ARM: Review - DML 1/72 Scale Armor Pro Leopard 2A4

Kit Review: Dragon Models Limited 1/72 Scale Armor Pro Kit No. 7249;
Leopard 2A4; 118 parts (113 in grey styrene, 2 etched nickel, 2
pre-painted vinyl, 1 section of braided steel wire); price about US
Advantages: nice, cleanly done kit with plenty of options to match
specific user countries' fits; pre-painted tracks (!) something
really new
Disadvantages: no explanation in kit as to which parts go with what
Rating: Highly Recommended
Recommendation: for all modern armor fans
Back in 1987 I read a Russian article that assessed the three main
combat threats the Soviets saw in the NATO armies. The Challenger 1 was
dismissed out of hand as "quaint" (mind that this was pre-Operation
Granby) due to its design, suspension, and two-piece manually loaded
rifled gun. The US Abrams was considered a severe threat but not with
the 105mm gun. The German Leopard 2, however, scared the daylights out
of the Soviets with its 120mm gun and layered armor arrays. (Note that
the LeClerc did not even rate a mention!)
The Leo 2 was something else when introduced, and with a 1500 HP
diesel engine was the equivalent of the US Abrams in most areas of
performance, exceeding it in mileage. Even ADAC, the German auto club,
had warnings in its magazine on what to do and what not to do when
encountering one on the autobahn. They noted the tank could cruise at
60-70 kph (up to 42 mph) and had brakes sufficient to stop it in less
than 75 feet from that speed. They showed a stunt driver tailgating one
when it hit its brakes, and the result was a squashed Opel. (They did
have a roll cage around the driver!)
Overall, this was a great tank and even in its initial form is a
serious battlefield threat. German training films show the gun staying
rock steady (with stabilizers engaged) as the tank turns "neutral
steer" 360s underneath it. The early models (2A1 to 2A4) were rather
chunky vehicles, even with a turret fully as large as a WWII light to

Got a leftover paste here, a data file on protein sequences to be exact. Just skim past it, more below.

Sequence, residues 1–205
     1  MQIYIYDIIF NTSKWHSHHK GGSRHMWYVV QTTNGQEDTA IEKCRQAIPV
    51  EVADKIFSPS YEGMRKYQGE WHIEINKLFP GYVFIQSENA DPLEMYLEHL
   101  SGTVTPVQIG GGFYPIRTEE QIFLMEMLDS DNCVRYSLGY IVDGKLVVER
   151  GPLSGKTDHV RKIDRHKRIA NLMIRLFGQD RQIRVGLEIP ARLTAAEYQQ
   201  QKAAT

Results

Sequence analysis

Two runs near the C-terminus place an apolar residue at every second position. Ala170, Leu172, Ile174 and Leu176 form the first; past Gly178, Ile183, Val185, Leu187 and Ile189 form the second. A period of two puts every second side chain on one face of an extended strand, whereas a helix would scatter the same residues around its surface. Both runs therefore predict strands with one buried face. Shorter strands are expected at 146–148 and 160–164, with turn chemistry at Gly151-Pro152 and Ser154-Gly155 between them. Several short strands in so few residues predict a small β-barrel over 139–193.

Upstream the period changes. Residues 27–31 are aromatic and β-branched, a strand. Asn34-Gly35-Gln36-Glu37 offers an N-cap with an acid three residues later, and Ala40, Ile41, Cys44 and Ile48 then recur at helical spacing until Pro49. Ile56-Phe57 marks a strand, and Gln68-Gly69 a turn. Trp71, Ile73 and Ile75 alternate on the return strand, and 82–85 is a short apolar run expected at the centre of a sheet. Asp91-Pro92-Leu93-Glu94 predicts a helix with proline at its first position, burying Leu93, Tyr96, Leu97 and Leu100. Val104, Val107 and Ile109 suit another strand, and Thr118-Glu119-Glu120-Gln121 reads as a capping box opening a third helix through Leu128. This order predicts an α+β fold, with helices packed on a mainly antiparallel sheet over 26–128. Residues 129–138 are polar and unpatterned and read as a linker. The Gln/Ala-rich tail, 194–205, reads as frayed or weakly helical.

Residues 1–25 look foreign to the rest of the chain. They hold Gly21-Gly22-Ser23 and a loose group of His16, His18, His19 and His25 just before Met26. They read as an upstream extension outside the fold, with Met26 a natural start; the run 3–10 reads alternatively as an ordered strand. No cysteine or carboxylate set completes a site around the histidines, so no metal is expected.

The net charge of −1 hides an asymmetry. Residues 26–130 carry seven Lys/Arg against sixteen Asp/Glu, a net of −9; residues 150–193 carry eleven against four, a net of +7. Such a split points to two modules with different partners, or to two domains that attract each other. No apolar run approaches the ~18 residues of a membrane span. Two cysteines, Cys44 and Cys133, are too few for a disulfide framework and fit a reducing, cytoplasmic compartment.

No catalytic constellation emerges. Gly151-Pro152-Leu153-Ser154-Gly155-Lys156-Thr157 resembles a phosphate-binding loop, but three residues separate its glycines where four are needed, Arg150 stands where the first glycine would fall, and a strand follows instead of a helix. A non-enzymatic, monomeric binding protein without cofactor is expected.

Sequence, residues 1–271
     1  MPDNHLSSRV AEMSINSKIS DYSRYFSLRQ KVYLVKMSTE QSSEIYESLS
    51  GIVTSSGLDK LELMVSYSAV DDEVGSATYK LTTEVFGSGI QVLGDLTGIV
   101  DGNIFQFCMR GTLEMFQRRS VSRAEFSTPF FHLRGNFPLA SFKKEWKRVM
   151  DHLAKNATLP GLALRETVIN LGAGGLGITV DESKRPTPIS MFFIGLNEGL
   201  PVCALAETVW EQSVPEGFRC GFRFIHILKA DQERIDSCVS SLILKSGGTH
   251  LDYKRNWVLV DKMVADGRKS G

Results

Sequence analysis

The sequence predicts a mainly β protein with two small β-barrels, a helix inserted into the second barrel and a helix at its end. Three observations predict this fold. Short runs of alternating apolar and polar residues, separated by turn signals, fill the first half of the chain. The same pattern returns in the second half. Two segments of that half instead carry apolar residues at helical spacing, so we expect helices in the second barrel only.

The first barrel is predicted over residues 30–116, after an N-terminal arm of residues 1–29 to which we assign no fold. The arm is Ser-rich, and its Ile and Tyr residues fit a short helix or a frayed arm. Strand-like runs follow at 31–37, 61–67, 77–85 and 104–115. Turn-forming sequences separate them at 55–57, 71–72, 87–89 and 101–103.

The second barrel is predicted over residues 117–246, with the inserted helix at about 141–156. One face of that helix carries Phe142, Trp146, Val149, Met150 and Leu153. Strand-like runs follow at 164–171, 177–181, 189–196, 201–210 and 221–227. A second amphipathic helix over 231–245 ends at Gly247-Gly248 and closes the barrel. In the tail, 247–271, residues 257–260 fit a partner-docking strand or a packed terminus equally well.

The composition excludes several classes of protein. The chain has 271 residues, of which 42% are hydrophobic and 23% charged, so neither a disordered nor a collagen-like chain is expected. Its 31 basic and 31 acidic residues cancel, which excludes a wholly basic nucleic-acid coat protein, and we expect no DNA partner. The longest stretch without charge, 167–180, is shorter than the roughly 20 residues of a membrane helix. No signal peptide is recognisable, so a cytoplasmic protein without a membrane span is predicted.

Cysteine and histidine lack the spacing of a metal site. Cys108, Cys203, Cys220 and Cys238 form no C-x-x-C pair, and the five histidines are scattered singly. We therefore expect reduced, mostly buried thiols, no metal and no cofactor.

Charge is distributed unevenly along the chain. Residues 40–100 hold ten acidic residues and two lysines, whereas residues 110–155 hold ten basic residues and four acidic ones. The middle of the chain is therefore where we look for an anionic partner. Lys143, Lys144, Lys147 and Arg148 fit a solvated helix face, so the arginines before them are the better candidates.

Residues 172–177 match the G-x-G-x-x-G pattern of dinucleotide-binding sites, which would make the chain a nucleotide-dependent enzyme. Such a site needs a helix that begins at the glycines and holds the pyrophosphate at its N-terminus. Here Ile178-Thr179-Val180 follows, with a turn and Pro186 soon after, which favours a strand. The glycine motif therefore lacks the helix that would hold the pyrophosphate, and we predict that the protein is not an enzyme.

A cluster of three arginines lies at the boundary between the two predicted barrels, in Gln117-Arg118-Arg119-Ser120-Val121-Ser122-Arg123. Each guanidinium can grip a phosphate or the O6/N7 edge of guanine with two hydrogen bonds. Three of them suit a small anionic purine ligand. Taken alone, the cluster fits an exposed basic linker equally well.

medium tank, and most modelers have shown a preference for the later
long-barreled 2A5 or uparmored 2A6 with the "wedges" on the front
of the turret. However, many NATO countries bought the earlier versions
and use them today, including the Poles, Finns, Swedes, Swiss and
DML is now offering this version of the tank as part of its "Armor
Pro" series kits, which includes new cut molds and more options for a
slightly higher pricetag. Among the details are the multitude of
"non-skid" plates on the top of the hull for crew safety.
This kit provides two different guns (the shorter original gun and the
longer L/55 barrel of the 2A5), two types of engine fans (plus etched
brass screens for them), two types of smoke projectors, and training
aids such as a Hoffman gunfire simulator and a "whoopie light" on a
mast for the rear of the turret. The suspension is a full one with
separate road wheel arms, twin wheels (not "siamesed" as with the
T-34 kits), and very nicely done skirts.
Many modelers (me in particular) will be very pleasantly surprised
that the vinyl tracks come pre-painted - a brownish metallic color
with the rubber pads in the Diehl tracks painted black. These look
really good and capture the look of tracks with a bit of use (e.g.
paint worn off) but not bright rust red.
The model comes with two sets of markings - a very thorough decal
sheet and a set of stick-on "exercise" markings for German
force-on-force training. These are red Xes and simulate the real thing,
which also just stuck on. The kit provides markings for eight German
Leo 2A4s to include four in winter camouflage, one Polish, one Swiss,
one Finnish, and two Dutch vehicles.
The problem I have is that the directions do not differentiate one
tank from another, as I recall they use different smoke projectors and
arrangements but all the kit does is indicate "optional" parts and
not which vehicles use them. The same goes for the engine deck fan
covers (the plastic bases, not the nickel screen). This is a bit of a
shame, as the kit is otherwise very nice and complete. (You will need
references to check on these details.)
Overall, this is a nice kit and should please a lot of NATO fans.
Thanks to Freddie Leung for the review sample.
Cookie Sewell
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Leclerc entered service with French army in 1992, so there is nothing unusual in the fact that it was not mentioned in the mid-1980s article.
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Some more comments:
Mixed up versions: 2A5 is uparmored and 2A6 is long barreled one.
Actually Poland has not bought any Leo's, we received them free from Bundeswehr stocks.
Again - L/55 barrel is for 2A6 version.
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